Take Nothing But Pictures – Unless It’s Someone Else’s Trash

I always have a grocery sack or two in my backpack. They take up no space at all and weigh practically nothing.

Like duct tape and Ziploc bags, they come in handy whenever you have to MacGyver your way out of a tight spot – rain hat, moisture barrier, things like that.

They’re also useful for packing out what you – or someone else – packed in. Most of us don’t want to see garbage when we go for a hike. And most of us pack out our own garbage.

But there are a few people who don’t.

It’s not like we’re ever going to change them. They didn’t listen to their mothers about cleaning their room so why should they listen to us.

Instead of getting indignant about it, I just clean it up and pack it out myself. It’s not fun, but it makes me feel better.

Look what I found along the trail today. It’s a good thing I had two bags with me.
Trail TrashJust a reminder – here are the Seven Principles of Leave No Trace Ethics*:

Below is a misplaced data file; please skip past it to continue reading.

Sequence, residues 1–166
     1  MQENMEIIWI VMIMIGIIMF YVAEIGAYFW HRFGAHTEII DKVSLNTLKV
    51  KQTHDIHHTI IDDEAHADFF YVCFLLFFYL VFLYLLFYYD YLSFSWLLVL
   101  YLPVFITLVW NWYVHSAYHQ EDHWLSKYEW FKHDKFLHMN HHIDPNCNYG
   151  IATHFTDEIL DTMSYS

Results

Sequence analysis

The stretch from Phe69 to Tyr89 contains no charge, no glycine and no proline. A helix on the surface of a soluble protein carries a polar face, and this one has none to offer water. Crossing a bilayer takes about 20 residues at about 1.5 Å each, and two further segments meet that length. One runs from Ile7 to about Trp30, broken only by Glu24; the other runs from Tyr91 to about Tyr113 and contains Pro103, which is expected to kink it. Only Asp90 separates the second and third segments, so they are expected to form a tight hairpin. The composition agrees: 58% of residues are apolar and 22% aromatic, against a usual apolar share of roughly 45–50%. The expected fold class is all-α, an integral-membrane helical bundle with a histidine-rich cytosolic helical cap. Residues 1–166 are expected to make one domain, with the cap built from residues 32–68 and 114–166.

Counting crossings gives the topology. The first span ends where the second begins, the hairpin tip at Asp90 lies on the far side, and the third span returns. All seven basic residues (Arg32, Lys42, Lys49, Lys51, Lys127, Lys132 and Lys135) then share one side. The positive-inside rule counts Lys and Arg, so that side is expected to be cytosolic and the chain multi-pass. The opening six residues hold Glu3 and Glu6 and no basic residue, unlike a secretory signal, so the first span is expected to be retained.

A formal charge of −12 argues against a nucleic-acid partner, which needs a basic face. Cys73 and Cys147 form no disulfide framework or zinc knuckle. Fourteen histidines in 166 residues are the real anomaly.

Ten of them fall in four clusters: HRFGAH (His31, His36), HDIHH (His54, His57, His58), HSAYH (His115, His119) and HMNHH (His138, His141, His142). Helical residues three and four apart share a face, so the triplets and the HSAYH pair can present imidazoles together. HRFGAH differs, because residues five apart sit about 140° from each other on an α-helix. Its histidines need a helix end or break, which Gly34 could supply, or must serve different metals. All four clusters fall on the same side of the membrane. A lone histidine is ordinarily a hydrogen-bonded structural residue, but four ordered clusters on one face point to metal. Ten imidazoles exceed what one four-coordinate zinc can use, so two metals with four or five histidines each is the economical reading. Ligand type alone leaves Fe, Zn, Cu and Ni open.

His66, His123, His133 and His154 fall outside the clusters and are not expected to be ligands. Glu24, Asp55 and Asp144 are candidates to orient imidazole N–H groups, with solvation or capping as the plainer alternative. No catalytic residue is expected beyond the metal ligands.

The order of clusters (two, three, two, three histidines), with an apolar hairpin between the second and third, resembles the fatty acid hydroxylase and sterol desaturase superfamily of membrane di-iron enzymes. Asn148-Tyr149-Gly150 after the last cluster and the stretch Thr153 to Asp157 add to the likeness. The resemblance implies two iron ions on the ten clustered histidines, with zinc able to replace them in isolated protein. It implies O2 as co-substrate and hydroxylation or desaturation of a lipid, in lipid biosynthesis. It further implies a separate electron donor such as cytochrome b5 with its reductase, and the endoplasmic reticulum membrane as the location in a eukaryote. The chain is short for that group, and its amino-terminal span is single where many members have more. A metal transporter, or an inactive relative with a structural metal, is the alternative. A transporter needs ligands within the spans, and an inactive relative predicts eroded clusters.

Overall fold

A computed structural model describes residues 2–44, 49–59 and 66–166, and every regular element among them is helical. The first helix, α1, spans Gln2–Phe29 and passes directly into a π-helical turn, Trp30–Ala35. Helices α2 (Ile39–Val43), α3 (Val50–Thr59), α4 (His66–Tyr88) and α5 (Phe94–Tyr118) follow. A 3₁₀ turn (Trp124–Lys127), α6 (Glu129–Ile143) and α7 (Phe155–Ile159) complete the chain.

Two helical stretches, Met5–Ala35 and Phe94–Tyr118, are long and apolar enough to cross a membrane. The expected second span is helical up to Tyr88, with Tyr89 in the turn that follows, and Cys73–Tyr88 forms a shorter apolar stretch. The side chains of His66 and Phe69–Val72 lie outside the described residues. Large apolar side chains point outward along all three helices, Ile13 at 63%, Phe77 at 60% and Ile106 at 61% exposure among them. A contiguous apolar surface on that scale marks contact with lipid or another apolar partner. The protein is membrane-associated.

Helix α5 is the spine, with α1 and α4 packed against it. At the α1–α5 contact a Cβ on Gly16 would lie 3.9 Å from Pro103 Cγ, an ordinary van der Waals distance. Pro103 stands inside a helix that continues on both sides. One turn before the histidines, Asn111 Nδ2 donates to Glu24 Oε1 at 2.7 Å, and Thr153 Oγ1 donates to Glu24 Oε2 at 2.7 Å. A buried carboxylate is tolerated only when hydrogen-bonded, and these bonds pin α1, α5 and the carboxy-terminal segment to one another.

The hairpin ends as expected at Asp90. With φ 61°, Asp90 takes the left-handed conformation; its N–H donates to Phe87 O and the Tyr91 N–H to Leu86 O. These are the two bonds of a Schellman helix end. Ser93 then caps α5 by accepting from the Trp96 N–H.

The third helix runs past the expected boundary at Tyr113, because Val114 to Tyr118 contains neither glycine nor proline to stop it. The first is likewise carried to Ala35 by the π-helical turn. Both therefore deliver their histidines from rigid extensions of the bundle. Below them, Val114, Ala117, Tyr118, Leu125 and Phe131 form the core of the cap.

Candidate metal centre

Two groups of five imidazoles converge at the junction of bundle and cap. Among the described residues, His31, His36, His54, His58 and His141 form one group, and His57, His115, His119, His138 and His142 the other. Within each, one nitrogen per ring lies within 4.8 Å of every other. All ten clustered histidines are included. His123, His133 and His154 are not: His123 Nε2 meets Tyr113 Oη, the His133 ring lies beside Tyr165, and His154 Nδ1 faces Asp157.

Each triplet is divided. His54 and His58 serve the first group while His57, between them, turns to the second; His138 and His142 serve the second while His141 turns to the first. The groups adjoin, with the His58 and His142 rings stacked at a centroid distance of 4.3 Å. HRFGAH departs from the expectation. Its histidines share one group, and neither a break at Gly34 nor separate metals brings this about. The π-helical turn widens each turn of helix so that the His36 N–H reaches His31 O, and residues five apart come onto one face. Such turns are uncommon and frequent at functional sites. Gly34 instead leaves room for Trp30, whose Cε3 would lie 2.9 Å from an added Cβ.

1. Plan Ahead and Prepare
  2. Travel and Camp on Durable Surfaces
  3. Dispose of Waste Properly
  4. Leave What You Find [This doesn’t include garbage.]
  5. Minimize Campfire Impacts
  6. Respect Wildlife
  7. Be Considerate of Other Visitors

You can learn more details about these Seven Principles and The Leave No Trace Center for Outdoor Ethics at http://lnt.org/learn/7-principles.

There’s a reason we enjoy the great outdoors. Together we can keep it that way.

See ya’ on the trail,

Tastelikchickn

*The member-driven Leave No Trace Center for Outdoor Ethics teaches people how to enjoy the outdoors responsibly. This copyrighted information has been reprinted with permission from the Leave No Trace Center for Outdoor Ethics: www.LNT.org

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